I disagree. You can always tell that you are accelerating no matter how something else is moving relative to you. Acceleration can be defined dynamically. (a=f/m) If I am moving at a constant V and I see a ship accelerating toward me, I can't say it's relative because I know I'm not accelerating.

    Consider two ships who are accelerating toward each other at 9.8 m/s^2. Would it be correct to say that one ship is accelerating toward the other at 18.6 m/s^2? No. You might say that kinematically that is correct but you can still tell exactly what your acceleration is without even looking at the other ship. Knowing your acceleration, you can easily figure out the other ship's acceleration.

    How is it that you don't fully understand the concept of an inertial reference frame and yet you are able to find errors in General Relativity?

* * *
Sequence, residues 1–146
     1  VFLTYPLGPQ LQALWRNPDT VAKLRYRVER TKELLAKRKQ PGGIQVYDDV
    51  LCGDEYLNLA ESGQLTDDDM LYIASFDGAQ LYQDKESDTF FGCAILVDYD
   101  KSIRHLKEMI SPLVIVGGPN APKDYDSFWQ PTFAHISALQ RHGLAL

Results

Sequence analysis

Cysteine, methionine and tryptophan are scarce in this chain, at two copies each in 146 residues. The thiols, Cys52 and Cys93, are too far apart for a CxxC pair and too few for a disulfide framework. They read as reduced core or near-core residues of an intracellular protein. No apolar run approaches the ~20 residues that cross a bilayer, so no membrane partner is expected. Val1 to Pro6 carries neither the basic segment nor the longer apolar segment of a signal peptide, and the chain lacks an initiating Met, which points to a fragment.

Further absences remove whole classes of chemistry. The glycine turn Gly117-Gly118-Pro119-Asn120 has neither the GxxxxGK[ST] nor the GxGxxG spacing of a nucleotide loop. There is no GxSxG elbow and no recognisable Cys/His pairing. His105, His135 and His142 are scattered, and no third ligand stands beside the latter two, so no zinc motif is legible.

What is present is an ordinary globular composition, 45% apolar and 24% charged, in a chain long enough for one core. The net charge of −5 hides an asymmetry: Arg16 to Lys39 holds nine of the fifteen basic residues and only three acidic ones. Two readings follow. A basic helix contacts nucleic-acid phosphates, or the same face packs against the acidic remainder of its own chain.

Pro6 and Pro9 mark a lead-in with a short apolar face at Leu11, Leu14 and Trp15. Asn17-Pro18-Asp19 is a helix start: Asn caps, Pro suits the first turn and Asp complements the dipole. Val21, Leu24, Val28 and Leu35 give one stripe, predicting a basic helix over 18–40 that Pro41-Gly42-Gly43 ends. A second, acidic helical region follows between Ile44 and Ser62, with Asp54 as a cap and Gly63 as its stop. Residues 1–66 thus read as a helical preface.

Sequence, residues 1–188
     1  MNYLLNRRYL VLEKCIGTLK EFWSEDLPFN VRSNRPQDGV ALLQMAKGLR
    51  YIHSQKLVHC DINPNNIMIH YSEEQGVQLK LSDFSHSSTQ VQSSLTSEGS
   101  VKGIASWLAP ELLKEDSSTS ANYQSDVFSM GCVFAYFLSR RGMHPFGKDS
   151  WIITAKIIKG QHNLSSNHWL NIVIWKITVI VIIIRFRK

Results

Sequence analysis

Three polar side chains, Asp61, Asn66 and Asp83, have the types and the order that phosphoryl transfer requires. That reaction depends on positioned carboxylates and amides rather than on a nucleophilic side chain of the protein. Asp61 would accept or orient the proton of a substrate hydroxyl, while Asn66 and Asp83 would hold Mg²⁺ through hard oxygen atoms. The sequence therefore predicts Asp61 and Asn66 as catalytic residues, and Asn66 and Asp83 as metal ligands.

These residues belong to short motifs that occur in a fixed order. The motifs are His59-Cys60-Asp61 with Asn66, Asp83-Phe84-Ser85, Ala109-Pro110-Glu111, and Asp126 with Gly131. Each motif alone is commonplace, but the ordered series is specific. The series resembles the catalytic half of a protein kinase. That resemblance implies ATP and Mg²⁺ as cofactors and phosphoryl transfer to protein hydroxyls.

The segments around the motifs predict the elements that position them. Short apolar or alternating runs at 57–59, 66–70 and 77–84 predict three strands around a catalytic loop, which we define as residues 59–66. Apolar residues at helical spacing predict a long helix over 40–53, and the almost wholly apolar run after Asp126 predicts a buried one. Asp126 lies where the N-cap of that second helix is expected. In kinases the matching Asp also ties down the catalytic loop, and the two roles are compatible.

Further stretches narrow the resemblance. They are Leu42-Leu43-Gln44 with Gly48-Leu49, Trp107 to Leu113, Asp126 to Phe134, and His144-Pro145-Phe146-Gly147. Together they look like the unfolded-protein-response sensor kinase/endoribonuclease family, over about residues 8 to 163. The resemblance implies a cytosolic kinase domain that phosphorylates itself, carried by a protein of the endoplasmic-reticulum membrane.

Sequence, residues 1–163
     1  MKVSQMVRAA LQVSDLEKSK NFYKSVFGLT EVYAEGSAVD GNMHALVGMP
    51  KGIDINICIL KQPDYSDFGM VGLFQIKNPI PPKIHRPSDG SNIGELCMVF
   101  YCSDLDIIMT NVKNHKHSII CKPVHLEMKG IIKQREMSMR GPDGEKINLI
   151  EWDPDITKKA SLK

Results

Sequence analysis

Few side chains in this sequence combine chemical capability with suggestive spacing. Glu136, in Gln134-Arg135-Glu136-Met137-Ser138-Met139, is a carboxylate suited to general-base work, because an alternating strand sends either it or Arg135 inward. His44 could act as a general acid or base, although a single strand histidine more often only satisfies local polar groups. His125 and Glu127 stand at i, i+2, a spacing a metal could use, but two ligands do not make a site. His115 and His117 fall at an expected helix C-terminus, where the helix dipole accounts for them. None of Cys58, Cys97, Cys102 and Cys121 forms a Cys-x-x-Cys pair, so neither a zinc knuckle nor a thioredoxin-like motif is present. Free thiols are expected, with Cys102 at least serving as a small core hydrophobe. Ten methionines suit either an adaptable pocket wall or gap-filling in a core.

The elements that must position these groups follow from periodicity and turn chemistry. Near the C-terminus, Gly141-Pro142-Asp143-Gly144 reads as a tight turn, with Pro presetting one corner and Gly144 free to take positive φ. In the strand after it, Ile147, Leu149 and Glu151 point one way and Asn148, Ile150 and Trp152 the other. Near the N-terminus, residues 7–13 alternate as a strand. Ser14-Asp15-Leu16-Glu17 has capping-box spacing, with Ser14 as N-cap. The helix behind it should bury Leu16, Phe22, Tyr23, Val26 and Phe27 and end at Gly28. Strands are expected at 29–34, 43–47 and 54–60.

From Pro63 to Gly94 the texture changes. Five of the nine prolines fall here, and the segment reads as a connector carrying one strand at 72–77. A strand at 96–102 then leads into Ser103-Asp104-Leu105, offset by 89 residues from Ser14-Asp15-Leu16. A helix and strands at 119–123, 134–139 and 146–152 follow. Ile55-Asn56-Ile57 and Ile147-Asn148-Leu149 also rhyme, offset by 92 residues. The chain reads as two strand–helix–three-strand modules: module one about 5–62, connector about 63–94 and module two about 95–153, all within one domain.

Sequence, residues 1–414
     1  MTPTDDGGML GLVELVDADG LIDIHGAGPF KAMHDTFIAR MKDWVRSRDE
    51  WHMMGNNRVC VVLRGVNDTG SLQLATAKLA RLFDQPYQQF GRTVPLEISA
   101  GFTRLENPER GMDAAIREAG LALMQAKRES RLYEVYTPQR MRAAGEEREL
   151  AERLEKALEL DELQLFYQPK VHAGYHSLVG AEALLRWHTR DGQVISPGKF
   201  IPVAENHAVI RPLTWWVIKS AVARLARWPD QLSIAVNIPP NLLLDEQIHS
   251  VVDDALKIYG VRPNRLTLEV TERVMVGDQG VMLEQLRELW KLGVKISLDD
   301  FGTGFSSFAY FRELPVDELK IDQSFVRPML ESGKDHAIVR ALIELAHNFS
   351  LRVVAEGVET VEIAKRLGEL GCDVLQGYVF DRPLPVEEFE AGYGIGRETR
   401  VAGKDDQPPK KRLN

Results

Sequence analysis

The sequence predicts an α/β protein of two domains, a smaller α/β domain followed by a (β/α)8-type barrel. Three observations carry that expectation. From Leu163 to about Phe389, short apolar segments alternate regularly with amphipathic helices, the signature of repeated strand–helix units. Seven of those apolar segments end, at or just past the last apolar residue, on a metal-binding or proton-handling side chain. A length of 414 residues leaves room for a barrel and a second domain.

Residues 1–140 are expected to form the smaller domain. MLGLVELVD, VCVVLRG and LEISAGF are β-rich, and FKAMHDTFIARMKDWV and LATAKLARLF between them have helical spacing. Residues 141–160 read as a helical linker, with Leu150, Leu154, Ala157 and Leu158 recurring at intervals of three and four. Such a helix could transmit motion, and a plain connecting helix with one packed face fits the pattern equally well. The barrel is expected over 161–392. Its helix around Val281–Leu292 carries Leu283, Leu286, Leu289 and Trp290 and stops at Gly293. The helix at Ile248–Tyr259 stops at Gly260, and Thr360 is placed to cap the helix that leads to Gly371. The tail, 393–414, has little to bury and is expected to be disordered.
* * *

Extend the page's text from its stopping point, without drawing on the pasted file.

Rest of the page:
Oh wait, I get it. That's what they call trolling, right?
    Last edited: Dec 21, 2003
  7. Oct 16, 2010 #6
    In the context of Newtonian Physics, an inertial reference frame is a reference frame in which "every body remains in a state of rest or uniform motion (constant velocity) unless it is acted upon by an external unbalanced force".

    So, our first Newton┬┤s law gets transformed into: There exists at least one inertial reference frame.


  8. Oct 16, 2010 #7


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    Hi MaribuS, just a reminder, when searching through old threads make sure to check the dates on the upper left of each post before adding a new post of your own...in this case no one had posted on this thread since 2003! Better to start a new thread if you want to talk about the subject.
  9. Oct 21, 2010 #8
    Sorry, folks... I entered the forum via Google, while I was looking for something else (Ludwig Lange on Inertial Reference Frames)... Well... I could't resist posting something.

    By the way, one problem in "my" above definition (and law) is that time is a "pre-concept", something that has to be known before using it (like force), not a post-concept "derived" from the first law itself... Just remember how in Special Relativity nature provides us with a fundamental clock (light).